• The TNF-blocking drug needs to be given continuously to prevent facial swelling and jawbone destruction.
  • Etanercept does not help mice that already have facial swelling and jawbone destruction. 

A possible treatment approach

Because blocking TNF-alpha with etanercept didn’t help genetically modified mice that already had signs of cherubism, Ueki’s team devised another approach for those mice. In the February 2015 issue of Bone, they reported that mice with signs of cherubism were helped by transplantation of bone marrow from healthy donor mice. The treatment reduced inflammation and inflammatory bone loss.

Preclinical drug development: Potential treatments are usually developed in the lab before they are tested in people
The micro-CT scans show teeth and jawbone. Without treatment (left scan) with With bone marrow transplantation (right scan)

Bone marrow transplantation is an established therapy for people with certain cancers, such as leukemia (cancer of the blood and bone marrow). Because cancer treatments kill the healthy blood cells along with the cancer cells, doctors give some people with leukemia an infusion of healthy bone marrow cells from a donor. The donor’s healthy bone marrow cells help the person with leukemia reestablish a continuous supply of healthy cells in the body.

Before transplanting bone marrow from healthy donor mice into genetically modified mice, Ueki’s team treated the genetically modified mice with a cancer drug that kills unhealthy cells in the bone marrow. For the genetically modified mice with developing inflammation (6 weeks old) and fully established inflammation (10 weeks old), bone marrow transplantation worked. The treatment reduced inflammation, facial swelling, and progressive bone loss.

Another possible treatment approach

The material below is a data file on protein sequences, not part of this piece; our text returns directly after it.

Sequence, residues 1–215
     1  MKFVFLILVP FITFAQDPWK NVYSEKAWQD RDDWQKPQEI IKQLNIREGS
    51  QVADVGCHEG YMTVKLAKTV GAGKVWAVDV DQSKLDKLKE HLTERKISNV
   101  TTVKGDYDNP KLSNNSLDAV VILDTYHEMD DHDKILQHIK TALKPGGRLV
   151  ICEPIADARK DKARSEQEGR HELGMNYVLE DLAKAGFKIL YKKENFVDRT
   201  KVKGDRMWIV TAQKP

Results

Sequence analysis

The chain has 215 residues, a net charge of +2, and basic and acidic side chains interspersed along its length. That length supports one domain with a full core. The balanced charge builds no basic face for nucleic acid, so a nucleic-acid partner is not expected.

Ueki’s team has designed experiments to systematically explore and resolve questions surrounding the development, progression, and spontaneous regression of cherubism-related inflammation and bone loss. In September 2014 in Cell Reports, they published findings that may explain why children with cherubism show signs suddenly between the ages of 2 and 5 years and why the swollen cheeks and other signs tend to resolve during puberty.

Using lab mice, they traced the molecular pathways for development of cherubism and described possible triggers. One trigger could be bacteria found in dental plaque. They hypothesized that interventions in toddlers to reduce oral bacteria could in turn reduce or delay the signs of cherubism. However, germ-free genetically modified mice still developed signs of cherubism so control of bacteria in the mouth alone would not be sufficient to prevent the development of the condition.

They also hypothesized that a drug that inhibits the activity of a protein known as SYK (spleen tyrosine kinase) might block the pathway that leads to the inflammation associated with cherubism. The results of their experiments suggested that mutations in SH3BP2 activated a pathway in certain immune cells in response to bacteria, such as those found in dental plaque. They showed that SYK is part of the pathway that leads to TNF-alpha production, and blocking the activity of SYK in those immune cells could prevent inflammation.

Clinical trials have been conducted with investigational drugs that inhibit the activity of SYK in people with common diseases, such as rheumatoid arthritis, asthma, and other diseases, but not yet for people with cherubism. Preclinical researchers like Ueki rely on clinical collaborators to translate their scientific findings into therapeutic approaches for people.

Applications beyond the rare condition

Because Ueki has discovered that cherubism shares molecular pathways with more common inflammatory diseases, the approaches he’s developing for a rare condition may find applications in the treatment of much more common diseases. See the NIDCR Science News in Brief called "Shared Pathways: Innovative studies of cherubism may aid development of therapies for common inflammatory bone diseases."

Reference

Last Reviewed
July 2018